|The Inner Ear|
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- Family history of otosclerosis
- Drinking nonfluoridated water—some studies suggest that nonfluoridated water may cause a susceptible person to develop otosclerosis
- Hormonal factors, such as pregnancy
- Viral infections, including measles
- Conductive—involving the small bones of the inner ear
- Sensorineural—involving the cochlea, which is the sensory organ in the inner ear
American Academy of Otolaryngology—Head and Neck Surgery http://www.entnet.org
American Speech-Language-Hearing Association http://www.asha.org
Canadian Society of Otolaryngology—Head and Neck Surgery http://www.entcanada.org
The College of Family Physicians of Canada http://www.cfpc.ca
Otosclerosis. EBSCO DynaMed website. Available at: http://www.ebscohost.com/dynamed. Updated April 22, 2014. Accessed November 24, 2015.
Otosclerosis. Massachusetts Eye and Ear website. Available at: http://www.masseyeandear.org/for-patients/patient-guide/patient-education/diseases-and-conditions/otosclerosis. Accessed August 4, 2015.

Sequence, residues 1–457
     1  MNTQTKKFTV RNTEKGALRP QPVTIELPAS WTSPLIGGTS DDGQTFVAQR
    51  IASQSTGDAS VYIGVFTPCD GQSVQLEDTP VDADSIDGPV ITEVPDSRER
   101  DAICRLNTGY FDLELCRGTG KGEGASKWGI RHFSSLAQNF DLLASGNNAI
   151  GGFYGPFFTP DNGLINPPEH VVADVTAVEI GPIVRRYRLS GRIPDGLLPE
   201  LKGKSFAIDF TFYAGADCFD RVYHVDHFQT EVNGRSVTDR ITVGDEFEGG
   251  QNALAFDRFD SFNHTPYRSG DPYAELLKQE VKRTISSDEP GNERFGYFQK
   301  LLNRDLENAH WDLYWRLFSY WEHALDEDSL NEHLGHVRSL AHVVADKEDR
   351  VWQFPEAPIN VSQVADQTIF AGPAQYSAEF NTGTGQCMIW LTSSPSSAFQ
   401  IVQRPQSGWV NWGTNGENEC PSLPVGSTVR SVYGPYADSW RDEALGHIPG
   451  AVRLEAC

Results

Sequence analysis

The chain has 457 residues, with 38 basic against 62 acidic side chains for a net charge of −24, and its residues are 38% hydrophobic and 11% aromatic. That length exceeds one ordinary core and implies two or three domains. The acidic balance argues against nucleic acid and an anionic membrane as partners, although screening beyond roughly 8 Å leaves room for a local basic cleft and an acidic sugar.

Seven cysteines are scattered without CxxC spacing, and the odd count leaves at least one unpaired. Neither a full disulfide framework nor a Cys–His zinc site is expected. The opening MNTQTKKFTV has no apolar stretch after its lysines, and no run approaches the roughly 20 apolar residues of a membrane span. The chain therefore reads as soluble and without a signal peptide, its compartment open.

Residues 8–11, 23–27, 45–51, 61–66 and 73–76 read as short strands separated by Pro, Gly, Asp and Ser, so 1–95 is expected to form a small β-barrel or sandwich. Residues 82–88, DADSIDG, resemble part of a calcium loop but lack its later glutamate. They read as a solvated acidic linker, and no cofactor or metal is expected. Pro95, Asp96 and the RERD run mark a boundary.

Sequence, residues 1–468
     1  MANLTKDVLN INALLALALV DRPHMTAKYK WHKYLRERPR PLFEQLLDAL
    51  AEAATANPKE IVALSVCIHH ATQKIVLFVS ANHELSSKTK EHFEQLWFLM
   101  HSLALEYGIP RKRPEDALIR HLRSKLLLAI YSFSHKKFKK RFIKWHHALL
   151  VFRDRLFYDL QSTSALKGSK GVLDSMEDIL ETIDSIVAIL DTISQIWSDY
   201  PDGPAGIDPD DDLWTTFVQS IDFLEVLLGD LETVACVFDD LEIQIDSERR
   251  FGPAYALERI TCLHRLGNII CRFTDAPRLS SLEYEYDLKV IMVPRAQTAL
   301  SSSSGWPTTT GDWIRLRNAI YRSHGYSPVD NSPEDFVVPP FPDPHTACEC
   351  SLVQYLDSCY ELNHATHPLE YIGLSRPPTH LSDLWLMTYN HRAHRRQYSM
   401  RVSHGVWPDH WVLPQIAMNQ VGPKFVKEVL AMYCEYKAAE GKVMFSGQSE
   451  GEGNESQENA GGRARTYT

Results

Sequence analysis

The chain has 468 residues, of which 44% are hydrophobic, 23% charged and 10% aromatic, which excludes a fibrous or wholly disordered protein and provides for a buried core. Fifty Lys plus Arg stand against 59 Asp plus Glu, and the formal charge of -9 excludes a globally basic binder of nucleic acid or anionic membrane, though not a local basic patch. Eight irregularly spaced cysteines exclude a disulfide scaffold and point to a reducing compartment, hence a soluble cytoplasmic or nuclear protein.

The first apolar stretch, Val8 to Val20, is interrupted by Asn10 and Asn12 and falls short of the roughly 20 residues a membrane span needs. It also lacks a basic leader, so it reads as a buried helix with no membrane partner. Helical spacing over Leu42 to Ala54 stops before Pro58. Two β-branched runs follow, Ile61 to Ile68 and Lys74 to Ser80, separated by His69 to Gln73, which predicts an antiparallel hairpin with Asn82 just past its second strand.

Otosclerosis. National Institute on Deafness and Other Communication Disorders (NIDCD) website. Available at: http://www.nidcd.nih.gov/health/hearing/pages/otosclerosis.aspx. Updated September 2013. Accessed August 4, 2015.
What you should know about otosclerosis. American Academy of Otolaryngology—Head and Neck Surgery website. Available at: http://www.entnet.org/?q=node/1316. Accessed August 4, 2015.
- Reviewer: Michael Woods, MD
- Review Date: 11/2015 -
- Update Date: 09/30/2013 -